Boston United still searching for new ground after hotel option falls through

Change of scenery? Boston United chairman David Newton says the search for a new home for the club continues with little more than six years left at York Street.

Change of scenery? Boston United chairman David Newton says the search for a new home for the club continues with little more than six years left at York Street.

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BOSTON United’s latest hopes of relocating to a new stadium have been credit crunched.

Pilgrims chairman David Newton revealed at Wednesday’s Fans Forum, held in the Sports Bar, that a deal to build the sports complex alongside an unnamed hotel chain has checked out due to the financial downturn.

“A couple of months ago we thought we were about there, but most companies are reviewing what they’re doing in terms of trading,” Mr Newton said.

“A hotel operator looked like it was becoming a lucrative part of the project.

“Then they revised their room rates and occupancy levels across the company.

“As a result the value of the project comes down and that affects the offer.

“We put the numbers through and it didn’t fit in with what we were doing.”

With Boston United still running in the red – latest figures show a yearly loss of £190,000 in 2011 – Mr Newton is looking to finance the move by bringing a commercial partner to the site, such as a hotel, supermarket or a housing development.

At present, two yet-to-be-unveiled sites have been mooted.

It is believed both options are on the outskirts of town.

The land for both sites are currently owned by Mr Newton’s property development company Chestnut Homes.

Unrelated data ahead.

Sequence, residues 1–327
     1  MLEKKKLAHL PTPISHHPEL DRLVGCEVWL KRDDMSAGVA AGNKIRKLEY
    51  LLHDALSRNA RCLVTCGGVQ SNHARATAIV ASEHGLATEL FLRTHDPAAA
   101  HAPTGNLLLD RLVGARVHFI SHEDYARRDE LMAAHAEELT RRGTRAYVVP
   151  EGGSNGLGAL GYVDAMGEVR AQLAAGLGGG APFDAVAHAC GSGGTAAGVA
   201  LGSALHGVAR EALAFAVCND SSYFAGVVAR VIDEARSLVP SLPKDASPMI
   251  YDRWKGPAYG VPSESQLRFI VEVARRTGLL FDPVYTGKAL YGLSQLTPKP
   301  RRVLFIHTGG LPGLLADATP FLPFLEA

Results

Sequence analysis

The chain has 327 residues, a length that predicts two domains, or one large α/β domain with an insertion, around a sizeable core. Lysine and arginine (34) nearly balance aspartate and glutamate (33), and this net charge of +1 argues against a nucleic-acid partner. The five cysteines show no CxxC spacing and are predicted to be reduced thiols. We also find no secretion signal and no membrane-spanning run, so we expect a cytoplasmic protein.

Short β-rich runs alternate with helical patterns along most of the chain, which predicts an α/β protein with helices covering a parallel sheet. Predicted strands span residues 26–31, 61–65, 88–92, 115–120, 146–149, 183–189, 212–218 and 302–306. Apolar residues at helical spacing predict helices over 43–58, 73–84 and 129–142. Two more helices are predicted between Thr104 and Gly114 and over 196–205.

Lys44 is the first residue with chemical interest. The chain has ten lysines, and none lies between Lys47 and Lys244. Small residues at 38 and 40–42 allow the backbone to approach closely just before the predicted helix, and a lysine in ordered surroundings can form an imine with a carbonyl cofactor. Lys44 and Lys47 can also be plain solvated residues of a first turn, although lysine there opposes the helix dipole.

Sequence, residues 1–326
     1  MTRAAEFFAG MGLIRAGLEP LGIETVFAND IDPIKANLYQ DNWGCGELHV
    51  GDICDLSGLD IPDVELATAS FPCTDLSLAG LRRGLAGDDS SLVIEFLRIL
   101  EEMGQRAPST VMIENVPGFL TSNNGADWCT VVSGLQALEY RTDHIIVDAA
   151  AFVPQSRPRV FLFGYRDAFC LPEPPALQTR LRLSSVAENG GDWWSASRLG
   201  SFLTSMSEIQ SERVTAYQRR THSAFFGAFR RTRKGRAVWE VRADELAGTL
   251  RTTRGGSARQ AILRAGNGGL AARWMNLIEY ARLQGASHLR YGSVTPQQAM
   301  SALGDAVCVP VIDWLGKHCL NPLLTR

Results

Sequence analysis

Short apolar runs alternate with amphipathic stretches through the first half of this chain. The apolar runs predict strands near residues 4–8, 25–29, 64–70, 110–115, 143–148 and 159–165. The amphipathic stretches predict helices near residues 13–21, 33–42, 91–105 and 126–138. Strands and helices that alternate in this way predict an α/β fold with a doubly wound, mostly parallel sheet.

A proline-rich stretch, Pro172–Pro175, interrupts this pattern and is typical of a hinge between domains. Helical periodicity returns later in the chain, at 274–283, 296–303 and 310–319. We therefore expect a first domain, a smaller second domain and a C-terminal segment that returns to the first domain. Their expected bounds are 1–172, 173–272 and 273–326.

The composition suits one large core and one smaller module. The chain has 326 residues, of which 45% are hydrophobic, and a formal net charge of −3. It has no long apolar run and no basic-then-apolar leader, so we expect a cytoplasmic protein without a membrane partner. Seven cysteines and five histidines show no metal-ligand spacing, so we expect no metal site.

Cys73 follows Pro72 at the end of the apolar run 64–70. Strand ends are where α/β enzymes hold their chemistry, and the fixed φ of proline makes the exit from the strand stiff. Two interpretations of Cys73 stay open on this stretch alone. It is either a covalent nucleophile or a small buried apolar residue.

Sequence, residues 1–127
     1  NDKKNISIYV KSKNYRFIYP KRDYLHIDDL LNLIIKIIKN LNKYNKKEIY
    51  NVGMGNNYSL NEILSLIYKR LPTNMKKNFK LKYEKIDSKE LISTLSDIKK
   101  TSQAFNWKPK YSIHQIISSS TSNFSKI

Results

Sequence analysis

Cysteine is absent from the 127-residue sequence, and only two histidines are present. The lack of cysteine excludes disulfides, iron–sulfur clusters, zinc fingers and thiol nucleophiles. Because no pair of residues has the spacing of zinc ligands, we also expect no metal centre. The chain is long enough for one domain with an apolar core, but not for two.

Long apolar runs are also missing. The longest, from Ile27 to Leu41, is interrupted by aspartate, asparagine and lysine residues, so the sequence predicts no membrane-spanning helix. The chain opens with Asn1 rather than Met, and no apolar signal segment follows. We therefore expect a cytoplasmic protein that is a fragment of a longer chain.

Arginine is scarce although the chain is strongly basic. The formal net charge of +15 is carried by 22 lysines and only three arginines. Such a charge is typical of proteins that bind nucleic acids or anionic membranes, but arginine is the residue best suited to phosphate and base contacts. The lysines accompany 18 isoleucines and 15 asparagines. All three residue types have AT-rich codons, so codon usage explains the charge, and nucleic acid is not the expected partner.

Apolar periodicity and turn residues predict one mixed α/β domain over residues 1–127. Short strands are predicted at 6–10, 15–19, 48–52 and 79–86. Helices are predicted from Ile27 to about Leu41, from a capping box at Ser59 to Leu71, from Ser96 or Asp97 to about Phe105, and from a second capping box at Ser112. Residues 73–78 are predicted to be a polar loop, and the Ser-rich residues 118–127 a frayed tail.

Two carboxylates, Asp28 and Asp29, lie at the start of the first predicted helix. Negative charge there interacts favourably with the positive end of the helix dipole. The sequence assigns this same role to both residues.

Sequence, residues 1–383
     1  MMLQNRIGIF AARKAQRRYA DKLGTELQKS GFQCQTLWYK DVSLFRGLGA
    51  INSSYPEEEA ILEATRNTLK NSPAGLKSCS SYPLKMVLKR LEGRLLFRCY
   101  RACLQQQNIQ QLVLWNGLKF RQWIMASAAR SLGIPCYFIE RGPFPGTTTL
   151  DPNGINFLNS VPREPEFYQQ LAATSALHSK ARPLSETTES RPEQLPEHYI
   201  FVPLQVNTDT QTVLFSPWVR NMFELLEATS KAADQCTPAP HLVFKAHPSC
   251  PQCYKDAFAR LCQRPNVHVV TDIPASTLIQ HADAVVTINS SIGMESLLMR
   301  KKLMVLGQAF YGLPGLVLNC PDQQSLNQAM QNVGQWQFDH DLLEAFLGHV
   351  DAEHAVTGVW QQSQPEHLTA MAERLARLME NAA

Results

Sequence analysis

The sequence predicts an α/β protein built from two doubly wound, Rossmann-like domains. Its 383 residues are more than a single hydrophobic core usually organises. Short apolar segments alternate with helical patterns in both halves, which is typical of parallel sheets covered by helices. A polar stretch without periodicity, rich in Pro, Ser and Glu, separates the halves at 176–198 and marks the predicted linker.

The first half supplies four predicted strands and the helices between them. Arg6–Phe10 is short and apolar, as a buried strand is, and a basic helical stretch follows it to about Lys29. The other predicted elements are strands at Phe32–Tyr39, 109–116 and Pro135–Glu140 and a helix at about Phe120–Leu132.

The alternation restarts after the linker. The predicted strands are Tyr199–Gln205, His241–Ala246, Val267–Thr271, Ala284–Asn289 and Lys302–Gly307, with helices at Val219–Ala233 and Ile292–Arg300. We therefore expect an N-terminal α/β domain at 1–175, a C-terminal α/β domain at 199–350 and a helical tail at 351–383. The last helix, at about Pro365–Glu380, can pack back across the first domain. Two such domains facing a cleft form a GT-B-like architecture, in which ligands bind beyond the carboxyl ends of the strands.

In January, the Pilgrims will have six years left on their York Street lease.

Mr Newton admitted he would ‘panic’ if nothing had been set in stone by three years’ time, but he is confident a deal will be struck sooner.

“We will deliver a new ground. It’s just timing,” he added.

“It’ll take a couple of years once we’ve got planning permission (to get things completed).

“I’m sorry if you want answers, but we won’t say anything until we are 99 per cent sure.

“You can never be 100 per cent sure in this business.”

Mr Newton is confident that more commercial opportunities will become available once work starts on a new stadium.

But he is determined to get his action plan correct before laying any further foundations.

He said: “When we’ve put a spade in the ground people come out the woodwork and suddenly want to be involved.

“Getting planning permission is an expensive operation at the moment.

“We wouldn’t attempt that unless we get a robust case because there could always be someone trying to stop you. We’d need a robust case in case we had to go to a public enquiry.”

The club’s approach is vastly different to former owner Jon Sotnick’s attempts to relocate in 2004.

His planning application was described by former Boston Borough Council chief executive Nicola Bulbeck as looking as if it was ‘written on the back of a fag packet’.

It has been suggested the new stadium will include bars, conference centre opportunities and corporate hospitality packages to earn additional revenue for the football club away from matchdays.